Ichiro Takeuchi Elected Fellow of the Materials Research Society

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Ichiro Takeuchi Ph.D.’96, a professor in the Department of Materials Science and Engineering, was named a Materials Research Society (MRS) Fellow for his academic and leadership contributions. 

His work on high-throughput methodology, machine learning-enabled materials discovery and elastocaloric cooling invention earned him the recognition that only 0.2% of the society’s members can achieve. He becomes the second faculty in the department with this honor. 

“Since my graduate student days, attending MRS meetings was always a major part of my life as a materials scientist. It is a great honor to be elected a fellow of the society,” said Takeuchi.

Takeuchi has one of the largest research efforts in the world in development and application of the combinatorial high-throughput methodology for rapid screening of new functional materials. This methodology allows synthesis and characterization of a large number of compositionally different materials. By surveying large compositional variation in an individual “library” experiment, one can quickly attain a panoramic view of how materials properties change as a function of composition. Such studies are extremely data intensive because of the sheer number of samples involved in each experiment. 

“We have always generated too much data from our high-throughput experiments, and this is how we “accidentally” started doing machine learning twenty years ago when it was still new in many engineering disciplines,” Takeuchi explains. 

One combinatorial study was in search for shape memory alloys with long fatigue life. The work was funded by National Institutes of Health, and it was originally carried out for the purpose of finding better alloys for medical stents. While trying to figure out what to do with the alloys they discovered, Takeuchi and collaborators realized that shape memory alloys can be used for a cooling mechanism through absorbing heat. Such a solid-based cooling technique avoids the use of fluid coolants with environmental repercussions while consuming less energy. This is how thermoelastic (also known as elastocaloric) cooling was invented, and it became the University of Maryland’s Invention of the Year in the physical sciences category in 2010, jointly awarded to late Professor Manfred Wuttig. In this technology, materials remain in solid state while absorbing heat, which is unique from conventional refrigerants like hydrofluorocarbons, which work by shifting between gas and liquid phases.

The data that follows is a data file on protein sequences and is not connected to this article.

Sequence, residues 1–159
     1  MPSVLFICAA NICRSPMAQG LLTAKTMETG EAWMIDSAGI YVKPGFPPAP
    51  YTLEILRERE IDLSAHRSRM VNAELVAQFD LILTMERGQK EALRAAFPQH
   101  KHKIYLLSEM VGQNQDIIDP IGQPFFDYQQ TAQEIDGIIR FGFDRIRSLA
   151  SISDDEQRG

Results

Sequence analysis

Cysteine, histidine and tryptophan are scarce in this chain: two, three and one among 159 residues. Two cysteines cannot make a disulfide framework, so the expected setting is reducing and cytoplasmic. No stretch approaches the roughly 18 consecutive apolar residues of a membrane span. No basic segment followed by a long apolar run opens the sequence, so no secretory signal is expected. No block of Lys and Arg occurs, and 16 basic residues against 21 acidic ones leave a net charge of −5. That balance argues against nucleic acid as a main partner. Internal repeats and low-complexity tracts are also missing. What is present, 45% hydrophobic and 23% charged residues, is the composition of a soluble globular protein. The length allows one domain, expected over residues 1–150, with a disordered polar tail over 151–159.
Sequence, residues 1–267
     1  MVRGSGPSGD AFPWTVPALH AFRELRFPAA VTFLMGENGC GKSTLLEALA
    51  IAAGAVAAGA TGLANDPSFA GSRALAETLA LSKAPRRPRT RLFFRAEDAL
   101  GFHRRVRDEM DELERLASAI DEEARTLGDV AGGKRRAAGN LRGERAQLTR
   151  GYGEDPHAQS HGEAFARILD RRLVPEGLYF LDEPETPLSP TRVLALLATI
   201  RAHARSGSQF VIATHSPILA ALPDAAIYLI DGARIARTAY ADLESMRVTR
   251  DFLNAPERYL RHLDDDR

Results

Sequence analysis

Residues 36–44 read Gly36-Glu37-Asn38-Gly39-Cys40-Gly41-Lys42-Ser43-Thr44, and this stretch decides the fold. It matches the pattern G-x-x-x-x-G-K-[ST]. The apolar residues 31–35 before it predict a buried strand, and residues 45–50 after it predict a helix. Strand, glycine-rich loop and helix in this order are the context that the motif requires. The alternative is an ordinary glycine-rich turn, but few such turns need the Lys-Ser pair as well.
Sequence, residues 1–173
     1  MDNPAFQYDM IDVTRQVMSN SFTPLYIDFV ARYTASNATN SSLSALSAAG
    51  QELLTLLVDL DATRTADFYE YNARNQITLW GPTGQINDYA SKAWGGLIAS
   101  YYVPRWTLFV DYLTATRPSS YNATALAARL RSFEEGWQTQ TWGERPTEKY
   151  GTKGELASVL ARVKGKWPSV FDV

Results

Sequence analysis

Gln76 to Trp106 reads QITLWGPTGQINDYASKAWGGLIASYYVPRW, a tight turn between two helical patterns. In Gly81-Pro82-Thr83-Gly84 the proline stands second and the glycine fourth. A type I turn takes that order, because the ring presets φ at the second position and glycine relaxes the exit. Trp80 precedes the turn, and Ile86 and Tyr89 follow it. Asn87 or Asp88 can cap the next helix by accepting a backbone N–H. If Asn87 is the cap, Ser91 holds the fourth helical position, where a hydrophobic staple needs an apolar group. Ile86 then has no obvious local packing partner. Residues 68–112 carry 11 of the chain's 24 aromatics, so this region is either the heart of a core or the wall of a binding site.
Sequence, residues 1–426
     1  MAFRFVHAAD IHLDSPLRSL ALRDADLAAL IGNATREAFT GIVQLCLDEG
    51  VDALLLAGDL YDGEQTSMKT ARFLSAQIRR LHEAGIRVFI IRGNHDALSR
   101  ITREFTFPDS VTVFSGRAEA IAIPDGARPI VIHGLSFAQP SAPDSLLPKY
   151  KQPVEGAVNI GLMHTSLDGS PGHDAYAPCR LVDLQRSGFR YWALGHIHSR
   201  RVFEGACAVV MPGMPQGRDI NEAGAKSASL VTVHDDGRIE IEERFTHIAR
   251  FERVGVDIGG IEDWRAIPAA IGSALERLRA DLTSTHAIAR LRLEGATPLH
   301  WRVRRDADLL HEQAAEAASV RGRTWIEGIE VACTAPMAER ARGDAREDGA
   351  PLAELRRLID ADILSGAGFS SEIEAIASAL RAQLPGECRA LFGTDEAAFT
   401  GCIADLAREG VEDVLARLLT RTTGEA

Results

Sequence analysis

Because hydrofluorocarbons used in conventional vapor compression cooling are super-polluting greenhouse gasses with extremely high global warming potentials, environmentally-friendly elastocaloric cooling continues to attract significant attention as an alternative cooling technology, and there are now many groups around the world trying to make solid state refrigerators. Takeuchi also has a start-up company dedicated to commercializing elastocaloric cooling. Boasting 260 watts of useful cooling power, and with a maximum temperature span of 22.5 degrees Kelvin, among the highest reported, the latest effort on the elastocaloric cooling system earned a publication in the journal Science last year. 

Another important focus of Takeuchi’s research program is autonomous materials science. This is a natural extension of his long-standing work on high-throughput materials synthesis. Autonomous systems work as self-navigating laboratories driven by AI. He has successfully applied an on-the-fly autonomous closed-loop scheme to discover a best-in-class phase change memory material, which was published in the journal Nature Communications. 

He has also developed LEGO-Based Low-Cost Autonomous Science (LEGOLAS), which represents an effective platform to teach undergraduate and graduate students autonomous physical sciences in an active learning environment. This was published in the MRS Bulletin, and presented in last month’s United States Senate Robotics Showcase. 

Takeuchi plans to continue working on accelerating the synthesis of materials for a variety of applications including electronics, telecommunication, energy conversion, computation, among others, to solve society’s pressing challenges in a faster approach.  

“Technological advancements are driven by materials discovery, which took thousands of years for us to get to where we are today. If we can accelerate materials discovery, we can also enhance the way that society advances,” he said.

Published May 29, 2024